Only a few days to go: We’re raising £25,000 to keep TheyWorkForYou running and make sure people across the UK can hold their elected representatives to account.

Donate to our crowdfunder

Queen Alexandra Hospital

Department of Health written question – answered on 3rd November 2014.

Alert me about debates like this

Photo of Mark Hoban Mark Hoban Conservative, Fareham

To ask the Secretary of State for Health, what the (a) mean and (b) median waiting time for treatment in Queen Alexandra Hospital's accident and emergency department was in each year from 2009-10.

Photo of Jane Ellison Jane Ellison The Parliamentary Under-Secretary of State for Health

The information is shown in the following table.

Mean and median duration (in minutes) to treatment for Portsmouth Hospitals NHS Trust accident and emergency (A&E) department, 2009-10 – 2012-13.

Year

Number of attendances with a valid Duration to Treatment

Mean Duration to Treatment

Median Duration to Treatment

2009-10

102,395

83

52

2010-11

108,101

83

55

2011-12

118,719

65

49

2012-13

128,728

70

48

Source: Hospital Episode Statistics (HES) Analysis Team at the Health and Social Care Information Centre.

Notes:

  1. Mean and median – The mean (average) and median (middle in ranking when all values are sorted in order) duration in minutes to assessment, treatment or departure.
  2. The information supplied was available by Trust rather than by individual A&E Department and therefore the Department has supplied information on Portsmouth Hospitals NHS Trust as a whole rather than Queen Alexandra Hospital A&E specifically.
  3. Duration to assessment – The total amount of time in minutes between the patient's arrival and their initial assessment in the A&E department. This is calculated as the difference in time from arrival at A&E to the time when the patient is initially assessed.
  4. Duration to treatment – The total amount of time in minutes between the patient's arrival and the start of their treatment. This is calculated as the difference in time from arrival at A&E to the time when the patient began treatment.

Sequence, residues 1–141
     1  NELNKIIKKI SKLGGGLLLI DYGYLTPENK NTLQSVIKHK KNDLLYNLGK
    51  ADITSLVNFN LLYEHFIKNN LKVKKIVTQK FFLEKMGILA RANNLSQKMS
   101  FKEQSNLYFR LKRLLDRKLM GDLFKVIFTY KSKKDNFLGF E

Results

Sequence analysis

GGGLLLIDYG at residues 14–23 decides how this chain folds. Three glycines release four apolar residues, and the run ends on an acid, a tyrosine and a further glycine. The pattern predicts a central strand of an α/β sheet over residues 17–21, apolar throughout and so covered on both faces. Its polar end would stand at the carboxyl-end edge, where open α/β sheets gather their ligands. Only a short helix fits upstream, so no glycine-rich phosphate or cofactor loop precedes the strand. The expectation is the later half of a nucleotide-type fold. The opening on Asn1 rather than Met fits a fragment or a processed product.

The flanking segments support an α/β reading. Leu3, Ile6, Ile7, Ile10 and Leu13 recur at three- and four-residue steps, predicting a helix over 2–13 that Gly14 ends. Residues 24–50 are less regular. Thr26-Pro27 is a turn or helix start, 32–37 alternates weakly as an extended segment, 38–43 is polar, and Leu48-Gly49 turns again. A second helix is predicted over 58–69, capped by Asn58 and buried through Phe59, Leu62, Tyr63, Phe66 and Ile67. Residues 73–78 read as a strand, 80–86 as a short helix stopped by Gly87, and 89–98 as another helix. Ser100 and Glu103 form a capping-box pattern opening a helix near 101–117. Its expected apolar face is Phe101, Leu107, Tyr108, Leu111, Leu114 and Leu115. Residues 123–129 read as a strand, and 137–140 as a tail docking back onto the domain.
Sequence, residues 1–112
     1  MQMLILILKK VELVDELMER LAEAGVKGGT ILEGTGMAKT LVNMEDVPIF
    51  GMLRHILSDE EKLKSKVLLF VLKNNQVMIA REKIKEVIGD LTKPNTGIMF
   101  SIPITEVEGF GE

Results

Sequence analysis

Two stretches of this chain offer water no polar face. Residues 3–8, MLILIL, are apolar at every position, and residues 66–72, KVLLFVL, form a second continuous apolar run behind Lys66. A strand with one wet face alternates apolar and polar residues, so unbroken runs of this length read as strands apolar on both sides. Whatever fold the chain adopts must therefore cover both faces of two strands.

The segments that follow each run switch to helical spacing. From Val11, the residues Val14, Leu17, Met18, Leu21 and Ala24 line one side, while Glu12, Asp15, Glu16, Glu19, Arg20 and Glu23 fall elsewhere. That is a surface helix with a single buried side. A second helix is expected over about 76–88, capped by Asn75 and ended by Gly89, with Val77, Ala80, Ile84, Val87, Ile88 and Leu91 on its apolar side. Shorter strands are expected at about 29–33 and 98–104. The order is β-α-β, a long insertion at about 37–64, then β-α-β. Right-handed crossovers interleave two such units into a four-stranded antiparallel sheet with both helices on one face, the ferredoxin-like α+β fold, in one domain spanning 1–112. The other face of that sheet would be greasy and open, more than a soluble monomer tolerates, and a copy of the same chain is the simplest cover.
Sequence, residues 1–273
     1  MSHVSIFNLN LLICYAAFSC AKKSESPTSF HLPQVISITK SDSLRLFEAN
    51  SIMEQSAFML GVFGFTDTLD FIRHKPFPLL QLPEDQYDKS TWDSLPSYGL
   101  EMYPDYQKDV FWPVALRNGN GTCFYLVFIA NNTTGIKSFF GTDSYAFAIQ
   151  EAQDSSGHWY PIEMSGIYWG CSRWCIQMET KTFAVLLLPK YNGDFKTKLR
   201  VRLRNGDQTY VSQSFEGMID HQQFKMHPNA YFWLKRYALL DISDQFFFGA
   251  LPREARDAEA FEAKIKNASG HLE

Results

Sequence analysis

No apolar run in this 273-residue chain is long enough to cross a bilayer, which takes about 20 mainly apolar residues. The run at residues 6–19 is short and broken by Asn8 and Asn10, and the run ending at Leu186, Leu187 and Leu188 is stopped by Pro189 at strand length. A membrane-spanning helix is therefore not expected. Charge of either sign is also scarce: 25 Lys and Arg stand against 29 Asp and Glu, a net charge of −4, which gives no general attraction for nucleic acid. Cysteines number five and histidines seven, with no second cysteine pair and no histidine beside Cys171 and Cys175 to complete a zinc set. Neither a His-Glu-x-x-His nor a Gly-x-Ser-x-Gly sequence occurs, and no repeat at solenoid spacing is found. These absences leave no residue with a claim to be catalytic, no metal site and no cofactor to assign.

5. Duration to departure – the total amount of time spent in minutes in the A&E department. This is calculated as the difference in time from arrival at A&E to the time when the patient is discharged from A&E care. This includes being admitted to hospital, died in the department, discharged with no follow up or discharged - referred to another specialist department.
  6. Hospital provider - A provider code is a unique code that identifies an organisation acting as a health care provider (eg NHS trust or primary care trust). Data from some independent sector providers, where the onus for arrangement of dataflows is on the commissioner, may be missing. Care must be taken when using this data as the counts may be lower than true figures.
  7. Assessing growth through time (A&E) – HES figures are available from 2007-08 onwards. Changes to the figures over time need to be interpreted in the context of improvements in data quality and coverage and changes in NHS practice. For example, changes in activity may be due to changes in the provision of care.
  8. Data quality – The recording of duration in HES A&E is not mandatory and this may particularly have affected the quality of recorded durations to assessment and treatment.

Does this answer the above question?

Yes0 people think so

No0 people think not

Would you like to ask a question like this yourself? Use our Freedom of Information site.